Circus Programs: Souvenir Magazines a Colorful and Plentiful Collectible
An early Ringling Bros. program.
Souvenir circus programs vary widely in content, size and quality, but most have one thing in common: they provide patrons with a colorful, chronological list of the acts that will be appearing in the performance. A program can be as simple as a single sheet with a list of the acts, but the programs most sought-after and collected are published in a magazine format. They include not only a listing of the acts performing, but feature stories and photos of the performers and behind-the-scenes stories about the circus.
A collection focusing on circus programs alone could, conceivably, grow to thousands of items because over the years there have been hundreds of circuses. The book, “Directory of American Circuses,” by Robert L. Parkinson, documents almost 2,500 shows. Virtually every circus had some type of program, and of course they printed a new program every year they toured.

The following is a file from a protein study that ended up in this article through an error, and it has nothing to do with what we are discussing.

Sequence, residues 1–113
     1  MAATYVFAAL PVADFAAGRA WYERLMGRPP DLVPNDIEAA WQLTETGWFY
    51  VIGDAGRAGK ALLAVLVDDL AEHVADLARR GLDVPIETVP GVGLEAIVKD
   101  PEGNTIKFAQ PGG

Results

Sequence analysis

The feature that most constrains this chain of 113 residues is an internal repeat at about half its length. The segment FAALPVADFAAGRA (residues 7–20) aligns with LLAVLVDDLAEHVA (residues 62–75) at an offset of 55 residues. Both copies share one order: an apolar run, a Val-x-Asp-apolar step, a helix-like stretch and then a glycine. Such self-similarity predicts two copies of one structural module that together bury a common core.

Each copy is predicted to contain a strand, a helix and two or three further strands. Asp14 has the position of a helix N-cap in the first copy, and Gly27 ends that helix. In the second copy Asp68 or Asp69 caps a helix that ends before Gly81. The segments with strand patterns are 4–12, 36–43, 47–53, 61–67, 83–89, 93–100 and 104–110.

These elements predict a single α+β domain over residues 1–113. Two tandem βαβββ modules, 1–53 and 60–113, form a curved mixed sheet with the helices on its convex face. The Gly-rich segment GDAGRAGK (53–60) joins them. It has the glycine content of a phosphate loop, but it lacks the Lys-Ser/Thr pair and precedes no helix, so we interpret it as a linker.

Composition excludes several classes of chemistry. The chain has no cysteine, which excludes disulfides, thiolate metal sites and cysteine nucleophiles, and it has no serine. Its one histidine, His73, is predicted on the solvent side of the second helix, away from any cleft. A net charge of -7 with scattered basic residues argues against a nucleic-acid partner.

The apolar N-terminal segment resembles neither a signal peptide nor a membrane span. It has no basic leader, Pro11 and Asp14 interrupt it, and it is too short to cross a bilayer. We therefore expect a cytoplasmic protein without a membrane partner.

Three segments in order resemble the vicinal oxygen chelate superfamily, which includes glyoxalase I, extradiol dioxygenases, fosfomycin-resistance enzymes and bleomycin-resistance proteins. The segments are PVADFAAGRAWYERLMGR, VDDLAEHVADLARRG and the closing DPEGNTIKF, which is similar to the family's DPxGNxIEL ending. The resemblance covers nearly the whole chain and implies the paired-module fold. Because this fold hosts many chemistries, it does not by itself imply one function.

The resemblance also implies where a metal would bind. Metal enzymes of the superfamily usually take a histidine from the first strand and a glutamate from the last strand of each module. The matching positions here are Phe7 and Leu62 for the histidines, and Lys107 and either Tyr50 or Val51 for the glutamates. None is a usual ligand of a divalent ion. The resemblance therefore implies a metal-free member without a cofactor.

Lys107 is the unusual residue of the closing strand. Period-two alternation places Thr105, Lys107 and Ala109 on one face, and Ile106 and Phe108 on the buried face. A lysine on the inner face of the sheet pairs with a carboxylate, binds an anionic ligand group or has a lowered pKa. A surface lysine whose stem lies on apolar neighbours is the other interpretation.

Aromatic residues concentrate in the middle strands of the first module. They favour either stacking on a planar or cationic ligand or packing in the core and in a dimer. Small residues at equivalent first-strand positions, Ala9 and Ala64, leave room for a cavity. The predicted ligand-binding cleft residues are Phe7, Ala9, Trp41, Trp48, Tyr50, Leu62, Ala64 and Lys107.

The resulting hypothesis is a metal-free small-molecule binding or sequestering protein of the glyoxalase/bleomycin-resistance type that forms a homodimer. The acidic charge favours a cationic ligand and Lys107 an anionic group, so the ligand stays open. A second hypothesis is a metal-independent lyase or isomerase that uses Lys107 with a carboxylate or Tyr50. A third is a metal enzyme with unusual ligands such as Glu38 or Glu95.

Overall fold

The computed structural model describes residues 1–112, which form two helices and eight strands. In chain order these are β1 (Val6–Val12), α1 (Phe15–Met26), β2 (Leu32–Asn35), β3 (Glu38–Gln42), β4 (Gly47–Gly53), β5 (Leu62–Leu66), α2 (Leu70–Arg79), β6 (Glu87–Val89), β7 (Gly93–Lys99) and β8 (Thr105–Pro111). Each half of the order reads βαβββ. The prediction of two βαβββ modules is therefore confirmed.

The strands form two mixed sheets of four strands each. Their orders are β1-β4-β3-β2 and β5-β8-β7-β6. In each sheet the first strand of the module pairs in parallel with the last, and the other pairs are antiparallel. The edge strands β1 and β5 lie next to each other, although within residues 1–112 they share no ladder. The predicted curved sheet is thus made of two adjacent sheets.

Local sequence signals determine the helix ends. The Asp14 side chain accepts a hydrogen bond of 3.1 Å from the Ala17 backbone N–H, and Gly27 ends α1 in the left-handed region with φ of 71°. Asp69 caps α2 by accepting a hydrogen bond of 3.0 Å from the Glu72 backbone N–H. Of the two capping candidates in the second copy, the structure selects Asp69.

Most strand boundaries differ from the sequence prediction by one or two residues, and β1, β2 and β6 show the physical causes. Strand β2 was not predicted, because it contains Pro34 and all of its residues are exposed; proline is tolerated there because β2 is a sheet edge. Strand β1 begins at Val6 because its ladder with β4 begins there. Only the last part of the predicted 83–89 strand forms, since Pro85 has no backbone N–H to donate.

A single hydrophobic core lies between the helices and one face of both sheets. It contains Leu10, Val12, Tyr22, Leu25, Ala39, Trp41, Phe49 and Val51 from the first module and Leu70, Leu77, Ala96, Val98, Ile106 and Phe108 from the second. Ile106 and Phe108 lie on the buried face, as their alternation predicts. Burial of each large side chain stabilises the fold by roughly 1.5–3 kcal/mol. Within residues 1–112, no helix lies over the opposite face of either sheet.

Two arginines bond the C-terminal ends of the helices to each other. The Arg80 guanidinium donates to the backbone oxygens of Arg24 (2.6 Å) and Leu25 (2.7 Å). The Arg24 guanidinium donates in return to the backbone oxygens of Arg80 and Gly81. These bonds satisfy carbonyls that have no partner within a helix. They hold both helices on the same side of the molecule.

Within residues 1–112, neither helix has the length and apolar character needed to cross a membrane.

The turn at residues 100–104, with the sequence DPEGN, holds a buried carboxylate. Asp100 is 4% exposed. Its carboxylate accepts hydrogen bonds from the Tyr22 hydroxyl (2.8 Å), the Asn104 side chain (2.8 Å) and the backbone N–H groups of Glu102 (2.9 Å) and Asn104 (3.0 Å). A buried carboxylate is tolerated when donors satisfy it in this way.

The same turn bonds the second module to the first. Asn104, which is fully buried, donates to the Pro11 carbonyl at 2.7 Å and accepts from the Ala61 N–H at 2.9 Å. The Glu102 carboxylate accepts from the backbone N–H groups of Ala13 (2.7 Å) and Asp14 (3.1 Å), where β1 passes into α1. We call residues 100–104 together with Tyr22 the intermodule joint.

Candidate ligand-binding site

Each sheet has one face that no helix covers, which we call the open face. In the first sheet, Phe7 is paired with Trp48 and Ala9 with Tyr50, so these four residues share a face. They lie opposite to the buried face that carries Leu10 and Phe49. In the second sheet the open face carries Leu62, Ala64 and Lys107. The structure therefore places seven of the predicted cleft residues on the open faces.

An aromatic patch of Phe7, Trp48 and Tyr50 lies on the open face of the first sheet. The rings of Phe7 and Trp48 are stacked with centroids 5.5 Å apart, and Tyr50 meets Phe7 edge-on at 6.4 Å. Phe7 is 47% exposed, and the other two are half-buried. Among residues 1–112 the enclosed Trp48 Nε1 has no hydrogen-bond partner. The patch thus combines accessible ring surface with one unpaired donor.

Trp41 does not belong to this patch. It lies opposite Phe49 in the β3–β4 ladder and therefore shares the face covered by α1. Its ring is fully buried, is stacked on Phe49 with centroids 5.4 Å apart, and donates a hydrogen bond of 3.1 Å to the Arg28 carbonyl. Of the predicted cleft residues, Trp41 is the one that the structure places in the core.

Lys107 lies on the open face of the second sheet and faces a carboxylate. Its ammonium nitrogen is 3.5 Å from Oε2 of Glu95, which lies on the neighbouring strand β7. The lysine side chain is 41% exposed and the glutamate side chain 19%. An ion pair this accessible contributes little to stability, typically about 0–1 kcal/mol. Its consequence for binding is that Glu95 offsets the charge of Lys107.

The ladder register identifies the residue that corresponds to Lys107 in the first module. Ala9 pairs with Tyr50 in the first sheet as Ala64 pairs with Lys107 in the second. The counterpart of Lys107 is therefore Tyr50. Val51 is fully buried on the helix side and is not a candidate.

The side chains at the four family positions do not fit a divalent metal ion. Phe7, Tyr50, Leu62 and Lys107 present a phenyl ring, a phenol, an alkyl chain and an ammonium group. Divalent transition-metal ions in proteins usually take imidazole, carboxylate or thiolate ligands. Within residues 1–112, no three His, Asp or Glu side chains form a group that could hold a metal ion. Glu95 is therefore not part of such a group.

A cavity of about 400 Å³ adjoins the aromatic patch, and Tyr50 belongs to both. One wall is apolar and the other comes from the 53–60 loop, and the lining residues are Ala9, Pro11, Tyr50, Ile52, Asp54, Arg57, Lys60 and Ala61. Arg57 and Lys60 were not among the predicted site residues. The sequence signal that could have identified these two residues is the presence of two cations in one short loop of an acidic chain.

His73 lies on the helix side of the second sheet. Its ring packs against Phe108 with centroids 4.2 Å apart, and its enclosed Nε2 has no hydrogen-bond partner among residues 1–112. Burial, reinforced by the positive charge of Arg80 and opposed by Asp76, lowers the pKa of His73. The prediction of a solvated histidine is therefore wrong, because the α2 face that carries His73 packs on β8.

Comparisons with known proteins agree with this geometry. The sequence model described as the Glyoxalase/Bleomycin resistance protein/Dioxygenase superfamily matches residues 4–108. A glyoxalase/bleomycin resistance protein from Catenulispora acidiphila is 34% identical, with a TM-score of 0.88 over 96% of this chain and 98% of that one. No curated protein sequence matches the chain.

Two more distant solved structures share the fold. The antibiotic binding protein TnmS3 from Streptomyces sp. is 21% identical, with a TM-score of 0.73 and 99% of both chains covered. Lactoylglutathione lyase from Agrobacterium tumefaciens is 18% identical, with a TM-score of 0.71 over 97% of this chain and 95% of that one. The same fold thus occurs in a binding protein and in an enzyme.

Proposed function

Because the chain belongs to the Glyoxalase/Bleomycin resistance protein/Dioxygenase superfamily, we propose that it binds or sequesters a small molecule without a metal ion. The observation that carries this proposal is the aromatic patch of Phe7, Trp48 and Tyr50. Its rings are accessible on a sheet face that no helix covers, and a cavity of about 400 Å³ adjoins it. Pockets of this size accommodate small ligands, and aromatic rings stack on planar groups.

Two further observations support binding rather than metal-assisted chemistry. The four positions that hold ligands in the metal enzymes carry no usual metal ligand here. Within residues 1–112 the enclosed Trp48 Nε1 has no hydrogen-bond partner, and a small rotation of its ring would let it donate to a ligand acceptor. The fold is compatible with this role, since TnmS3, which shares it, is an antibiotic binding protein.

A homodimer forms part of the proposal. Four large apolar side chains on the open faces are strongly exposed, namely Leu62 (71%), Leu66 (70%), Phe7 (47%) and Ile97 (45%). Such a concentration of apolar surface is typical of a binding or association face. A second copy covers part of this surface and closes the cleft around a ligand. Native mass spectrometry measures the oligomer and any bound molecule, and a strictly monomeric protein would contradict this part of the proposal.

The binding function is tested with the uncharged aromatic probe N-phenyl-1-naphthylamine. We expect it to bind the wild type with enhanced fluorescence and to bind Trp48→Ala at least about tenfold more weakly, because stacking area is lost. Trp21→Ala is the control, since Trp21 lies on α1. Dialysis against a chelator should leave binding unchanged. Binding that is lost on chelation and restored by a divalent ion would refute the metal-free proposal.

For the purpose of this article, the main focus will be programs for Ringling Bros. and Barnum & Bailey. For a look at the history of The Greatest Show on Earth see my article entitled Circus Show Names and the Greatest Show Name of All Time.
Beginning with the 100th anniversary show of Ringling Bros. and Barnum & Bailey in 1970, the souvenir program expanded into a much larger and more colorful format. A few years before, Irvin Feld and his brother Israel had taken the reins of “The Greatest Show on Earth.” Many collectors call these new, larger format programs “Feld era programs.” However, in spite of their excellent quality, these programs have very little monetary value. Most sell for less than $5 or $10 each.